Bladder Cancer (cont.)
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The cause of bladder cancer is not known. Changes in the genetic material (DNA) of bladder cells may play a role. Chemicals in the environment and cigarette smoking also may play a role. And when the lining of the bladder is irritated for a long time, cell changes that lead to cancer may occur. Some things that cause this are radiation treatment, having catheters in place for a long time, or having the parasite that causes schistosomiasis.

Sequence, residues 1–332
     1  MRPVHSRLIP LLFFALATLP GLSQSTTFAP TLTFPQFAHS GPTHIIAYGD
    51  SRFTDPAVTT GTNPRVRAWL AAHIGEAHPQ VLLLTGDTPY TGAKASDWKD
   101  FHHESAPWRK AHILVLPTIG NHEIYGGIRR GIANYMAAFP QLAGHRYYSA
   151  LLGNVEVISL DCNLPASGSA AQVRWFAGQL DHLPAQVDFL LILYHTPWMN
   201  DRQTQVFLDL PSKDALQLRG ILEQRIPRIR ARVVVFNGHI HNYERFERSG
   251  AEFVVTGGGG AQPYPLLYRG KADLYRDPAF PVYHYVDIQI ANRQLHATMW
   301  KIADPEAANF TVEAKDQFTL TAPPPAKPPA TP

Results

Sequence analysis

Bladder cancer is twice as likely to develop in smokers than in nonsmokers. Experts believe that smoking causes about half of bladder cancer in men and more than one-fourth of bladder cancer in women.1
Exposure to chemicals and other substances at work—including dyes, paints, leather dust, and others—may also cause bladder cancer.
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